Wow, saving the planet sounds like a big, expensive job, doesn't it? Well, yes and no. When everybody pitches in, it gets done with very little individual effort or expense, which should suit those of us who'd like to make a difference, but have financial or, uh, motivational challenges. For example, here's something simple: If every home in America replaced just one light bulb with a compact fluorescent, in one year it would save enough energy to light three million homes! It's amazing how even little things like that add up, so pick your category and get your cheap, lazy self to work...at your own pace, of course.
Cheap, Not Necessarily Lazy
1. Volunteer. This might cost a little bit, perhaps, in transportation or meals--or maybe not! I've been fed handsomely and also carted around in exchange for my time and effort, so git in where you fit in, as they say. Your degree of laziness determines what you may choose to do, from spending time on the phone coordinating a streamside cleanup to hosting a fundraiser for a community garden to helping dig holes for a tree-planting project.
2. Agitate for Change. It won't cost you much money to write, call or email local, state and federal authorities and ask them to support eco-friendly initiatives. Get your city's buses running on bio-diesel! Pester your state into allocating funds to fit a proposed new museum for solar power! Make your voice heard in Washington whenever legislation comes up that will effect the environment! Get yourself a soapbox--a blog counts--and start a movement!
3. Walk More. Instead of driving your gas-guzzling car to the artificially-lit gym to walk on the power-sucking treadmill, why not just walk to work, school or on errands? You'll get your exercise and get some fresh air, made fresher by not having your exhaust all up in it.
4. Grow Your Own. Save money and a trip to the grocery store by growing your own produce, from fruit trees to green beans and even corn (be aware, corn takes up a lot of space, but your neighbors won't whine if you give 'em some). If you don't have a back yard, many plants do just fine in containers, like strawberries (yum!) and cherry tomatoes. Follow organic gardening practices for extra green points!
Lazy, Not Necessarily Cheap
5. Buy the Right Thing. With so many environmentally friendly products out there, you don't have to break a sweat looking for a green buy. Depending on your degree of cheapness, you can purchase anything from organically grown produce to energy-efficient appliances to (woo-hoo!) a houseful of recycled-fiber carpet, low-e windows, and solar panels for the roof (all delivered and installed for you, of course). With eco-minded web stores like www.seventhgeneration.com, you can order all your green provisions without even leaving the couch!
6. Stock Up. If you buy things you frequently use in bulk at warehouse stores or just when they are on sale, you will be able to save trips to the store for weeks, or possibly months, to come. With prices continuing to rise because of fuel costs, this makes economic sense, too. There is obviously an up-front investment, but you will save time, gasoline, and plenty of money in the long run.
7. Write a Check for a Good Cause. You know, the Nature Conservancy, Sierra Club, Environmental Defense Fund, the Audubon Society and Greenpeace would love to hear from you, and I think you know how little physical effort goes into writing a check.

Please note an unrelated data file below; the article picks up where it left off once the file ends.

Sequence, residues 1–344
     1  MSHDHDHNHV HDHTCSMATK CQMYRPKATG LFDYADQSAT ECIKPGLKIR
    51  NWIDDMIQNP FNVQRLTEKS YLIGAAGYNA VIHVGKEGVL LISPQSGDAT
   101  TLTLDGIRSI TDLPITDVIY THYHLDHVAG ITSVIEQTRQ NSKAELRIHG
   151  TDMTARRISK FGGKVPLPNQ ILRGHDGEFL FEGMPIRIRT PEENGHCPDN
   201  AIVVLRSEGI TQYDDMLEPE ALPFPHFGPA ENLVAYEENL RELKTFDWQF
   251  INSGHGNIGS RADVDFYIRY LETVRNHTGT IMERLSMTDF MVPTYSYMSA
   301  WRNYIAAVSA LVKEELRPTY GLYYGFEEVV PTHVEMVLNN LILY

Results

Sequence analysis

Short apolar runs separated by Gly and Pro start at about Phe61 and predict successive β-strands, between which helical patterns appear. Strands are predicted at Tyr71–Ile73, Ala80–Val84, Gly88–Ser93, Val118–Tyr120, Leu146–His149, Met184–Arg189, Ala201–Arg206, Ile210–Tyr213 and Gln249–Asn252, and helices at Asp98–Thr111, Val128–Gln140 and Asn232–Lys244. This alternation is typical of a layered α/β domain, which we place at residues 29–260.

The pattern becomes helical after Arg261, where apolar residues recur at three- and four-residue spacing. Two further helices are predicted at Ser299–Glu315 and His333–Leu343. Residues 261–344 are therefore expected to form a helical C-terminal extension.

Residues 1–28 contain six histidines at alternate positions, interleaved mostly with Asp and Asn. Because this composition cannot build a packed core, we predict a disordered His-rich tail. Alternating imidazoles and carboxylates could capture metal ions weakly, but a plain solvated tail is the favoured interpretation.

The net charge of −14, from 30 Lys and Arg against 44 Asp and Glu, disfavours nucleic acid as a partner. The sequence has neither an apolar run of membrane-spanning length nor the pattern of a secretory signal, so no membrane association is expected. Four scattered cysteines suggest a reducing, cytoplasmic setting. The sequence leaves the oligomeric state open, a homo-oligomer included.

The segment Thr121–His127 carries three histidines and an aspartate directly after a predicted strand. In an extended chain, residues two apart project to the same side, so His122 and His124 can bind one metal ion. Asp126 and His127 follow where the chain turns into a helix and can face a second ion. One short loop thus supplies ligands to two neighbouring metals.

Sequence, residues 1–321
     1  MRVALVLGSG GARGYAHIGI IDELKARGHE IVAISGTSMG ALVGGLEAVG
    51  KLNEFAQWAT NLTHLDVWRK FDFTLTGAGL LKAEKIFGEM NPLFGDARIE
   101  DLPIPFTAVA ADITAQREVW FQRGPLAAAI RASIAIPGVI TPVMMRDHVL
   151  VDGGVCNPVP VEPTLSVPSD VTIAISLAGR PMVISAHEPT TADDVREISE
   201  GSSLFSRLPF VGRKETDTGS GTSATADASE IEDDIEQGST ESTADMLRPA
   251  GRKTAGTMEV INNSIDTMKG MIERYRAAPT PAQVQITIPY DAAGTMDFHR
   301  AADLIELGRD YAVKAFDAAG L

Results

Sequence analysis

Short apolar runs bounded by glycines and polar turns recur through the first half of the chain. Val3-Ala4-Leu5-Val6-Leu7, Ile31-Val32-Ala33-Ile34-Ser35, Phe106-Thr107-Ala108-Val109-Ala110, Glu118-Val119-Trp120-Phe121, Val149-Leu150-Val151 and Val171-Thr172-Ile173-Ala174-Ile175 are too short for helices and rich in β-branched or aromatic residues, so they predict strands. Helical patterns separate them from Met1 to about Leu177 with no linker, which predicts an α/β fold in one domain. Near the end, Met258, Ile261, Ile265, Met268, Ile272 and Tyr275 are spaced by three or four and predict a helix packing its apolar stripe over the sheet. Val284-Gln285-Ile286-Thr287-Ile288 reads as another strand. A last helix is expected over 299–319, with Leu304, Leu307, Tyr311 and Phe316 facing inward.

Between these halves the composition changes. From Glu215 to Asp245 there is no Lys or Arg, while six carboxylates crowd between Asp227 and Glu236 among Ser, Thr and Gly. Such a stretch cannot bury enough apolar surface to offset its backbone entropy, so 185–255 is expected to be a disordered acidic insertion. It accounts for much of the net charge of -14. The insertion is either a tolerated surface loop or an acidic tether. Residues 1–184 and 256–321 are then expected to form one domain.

Cheap as a Thrift-Store Suit and Lazy as a Cat in the Sun
8. Recycle. It costs nothing and is as easy as tossing your cans, bottles, and papers in the bin beside the wastebasket instead of in the wastebasket. I know you can handle that.
9. Switch Your Light Bulbs. Okay, compact fluorescent (CF) bulbs are still a bit more expensive up front than the regular kind, but they're less expensive than they used to be, and they're way cheaper in the long run. Lighting accounts for almost 20% of a home's electricity bill, and CFs use up to 75% less energy than incandescent bulbs. Not only do they cost less to operate, they last much longer than regular bulbs, so the savings keep coming. You can be lazy about making the switch, too. Do what I'm doing: Buy a big economy pack of CF bulbs and stick 'em in a cabinet. Each time one of your regular bulbs burns out, replace it with a CF. Easy, simple and downright uncomplicated!
10. Do Less. Gosh, does it get any cheaper and lazier? I think not. Yes, my friends, you can do right by the planet by taking it easy. For example, instead of zooming off in the car every day to a different store, combine your errands on one or two days to save time, gas, money and Mother Earth herself. Don't drive or fly somewhere when you can have a nice, relaxing weekend at home in your garden or curled up on the couch with a good book. And buy less stuff, too: Save money and trees by checking books, DVDs and CDs out of your local library. Trade magazines with friends or coworkers. Shop yard sales and thrift stores for used (I mean, recycled!) clothes, toys, furnishings and other bargains. Not only will you save the waste created by the fabrication of new products, you will save things from going to the landfill. Who cares if it's not brand new? It's new to you!
Other easy things to not do:
- Don't stand in front of an open refrigerator. You can ponder your next gastric adventure with the door closed, too.
- Don't let the water run pointlessly while you shave or brush your teeth.
- Don't let the hose run while you soap down the car.
- Turn off the a/c when the windows are open (seriously)!
- Don't run the dishwasher or the washing machine until they're full. Fewer chores make for a happier planet!
See how easy it is, after all? Now rush right out--okay, mosey right out--and do some planet-saving!
Cheap and lazy hammock guy from Pixabay, free-use image